Beginner’s Guide to Pre and Post Workout Supplements

If you’re going to the gym regularly or are just a beginner and looking to improve your fitness level, you’ve likely done some digging about supplementation. In fact, you may even be feeling overwhelmed by the sheer number of supplements on the market today.

Many manufacturers would have you believe that your workouts will suffer without 10 different powders and pills, while other fitness pros suggest that supplements may not be necessary at all.

Ultimately, however, there are a select few supplements that can give you a boost in the gym, while allowing you to build quality muscle and torch fat. Curious to know what they are and how they can help you? Let’s take a look.


While you may not need the latest and greatest pre-workout powder to get a great training session, this well-loved ingredient can give you an edge in the gym. Just like your beloved coffee gives you the jolt you need to get your day moving, it can also give a boost of energy before an intense training session.

In fact, researchers have found that individuals who consume caffeine prior their workouts increased their endurance over the span of their training sessions. Scientists also found that caffeine increases anaerobic power, meaning it can also help you perform better during activities like weightlifting.

If you do choose to consume caffeine before your workout, just make sure to start with a moderate dose and increase it gradually. Too much caffeine can cause unpleasant symptoms like nausea, jitters and anxiety, so you’ll want to dose it according to your tolerance.


Who doesn’t love carbs? If you train regularly, then you have a great excuse to squeeze more of them in your diet! When you exercise, your body requires glycogen to contract your muscles.

For your body to have a steady supply of glycogen, you must consume carbs before you train. Just don’t go thinking you can gobble a bunch of cookies or a huge plate of pasta, though. You want your pre-workout carbs to be low in fat so that your body can digest them more rapidly.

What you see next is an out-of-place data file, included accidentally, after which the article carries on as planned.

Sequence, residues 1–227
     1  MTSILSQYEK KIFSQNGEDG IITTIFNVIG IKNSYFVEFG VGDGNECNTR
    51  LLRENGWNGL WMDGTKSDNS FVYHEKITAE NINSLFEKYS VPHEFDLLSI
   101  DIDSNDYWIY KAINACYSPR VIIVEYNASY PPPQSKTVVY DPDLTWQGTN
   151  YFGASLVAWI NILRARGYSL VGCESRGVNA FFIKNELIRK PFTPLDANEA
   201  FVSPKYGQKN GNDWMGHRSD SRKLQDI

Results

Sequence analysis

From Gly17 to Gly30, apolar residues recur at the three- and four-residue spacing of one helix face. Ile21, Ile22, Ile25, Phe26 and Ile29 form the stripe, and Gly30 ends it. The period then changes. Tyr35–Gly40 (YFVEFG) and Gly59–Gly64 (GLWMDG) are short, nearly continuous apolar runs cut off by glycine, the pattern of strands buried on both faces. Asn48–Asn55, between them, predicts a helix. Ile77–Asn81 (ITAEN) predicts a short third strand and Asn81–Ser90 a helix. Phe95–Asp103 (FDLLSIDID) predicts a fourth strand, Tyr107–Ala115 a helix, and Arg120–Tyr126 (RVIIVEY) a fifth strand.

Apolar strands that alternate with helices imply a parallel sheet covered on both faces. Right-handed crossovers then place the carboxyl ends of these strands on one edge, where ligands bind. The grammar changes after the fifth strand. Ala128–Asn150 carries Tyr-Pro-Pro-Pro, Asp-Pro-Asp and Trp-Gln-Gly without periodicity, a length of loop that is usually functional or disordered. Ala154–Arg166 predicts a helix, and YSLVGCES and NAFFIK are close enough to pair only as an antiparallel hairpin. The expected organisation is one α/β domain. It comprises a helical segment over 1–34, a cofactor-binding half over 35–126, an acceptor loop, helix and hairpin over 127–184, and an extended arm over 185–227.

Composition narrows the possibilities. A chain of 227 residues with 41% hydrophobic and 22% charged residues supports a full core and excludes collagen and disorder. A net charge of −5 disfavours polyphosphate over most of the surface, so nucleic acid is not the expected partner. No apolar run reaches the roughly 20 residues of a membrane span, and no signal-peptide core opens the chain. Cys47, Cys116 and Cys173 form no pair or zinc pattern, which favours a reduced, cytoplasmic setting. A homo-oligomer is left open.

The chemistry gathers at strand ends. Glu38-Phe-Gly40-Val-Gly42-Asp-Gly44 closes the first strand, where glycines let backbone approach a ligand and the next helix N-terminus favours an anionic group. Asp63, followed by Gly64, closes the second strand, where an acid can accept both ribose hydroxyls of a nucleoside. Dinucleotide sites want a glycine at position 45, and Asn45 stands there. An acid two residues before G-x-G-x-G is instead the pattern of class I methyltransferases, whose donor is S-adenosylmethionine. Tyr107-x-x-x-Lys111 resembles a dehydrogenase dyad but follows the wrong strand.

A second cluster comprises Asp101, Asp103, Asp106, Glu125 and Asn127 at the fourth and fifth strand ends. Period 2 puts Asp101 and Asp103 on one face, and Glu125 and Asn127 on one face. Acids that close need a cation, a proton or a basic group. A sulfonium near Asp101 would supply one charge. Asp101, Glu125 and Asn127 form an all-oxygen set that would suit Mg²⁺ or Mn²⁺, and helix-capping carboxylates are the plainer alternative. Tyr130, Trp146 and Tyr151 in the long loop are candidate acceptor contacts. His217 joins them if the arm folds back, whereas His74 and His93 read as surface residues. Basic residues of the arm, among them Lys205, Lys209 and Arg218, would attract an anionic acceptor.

This way, they break down and enter your bloodstream faster so your body can quickly use them for fuel.

If you really love carbs, then you’ll be thrilled to know that you get to eat even more of them after your workout! After a long or intense training session, your body is low on glycogen stores, so you’ll need to replenish them if you want to recover properly.

For your post-workout carbs, you should also aim for low-fat carbohydrate sources since they break down faster in the digestive tract. After a workout, your muscles are primed to absorb nutrients, so you’ll want to provide them with readily available carbs as quickly as possible.

Branched Chain Amino Acid

Branched-chain amino acids, or BCAAs, are composed of three amino acids: leucine, isoleucine and valine. They are found naturally in foods like meat and eggs, but including an extra dose or two throughout the day can help with proper recovery. You can also take a supplement with amino energy ingredients.

Your body uses these amino acids to turn food into energy, promote muscle growth and repair damaged tissues — all of which you require if you’re training regularly. Consider adding a serving of BCAAs both pre- and post-workout if you’re really training hard.

Most protein powders also contain several grams of BCAAs to help you recover, so if you’re consuming protein shakes dailyor using the whole 30 rules, you may already be getting enough.

Tart Cherry Juice

Tart cherry juice is quickly gaining popularity due to its potent anti-inflammatory effects. In fact, this stone fruit has the potential to combat inflammation just like over-the-counter NSAIDs.

Researchers have found that the juice has an almost immediate effect, working to reduce inflammation and speed recovery time. It also contains antioxidants that are critical when it comes to combating oxidative stress caused by exercise.

You should consume tart cherry juice after each training session to reduce muscle soreness and speed the healing of damaged muscle tissue.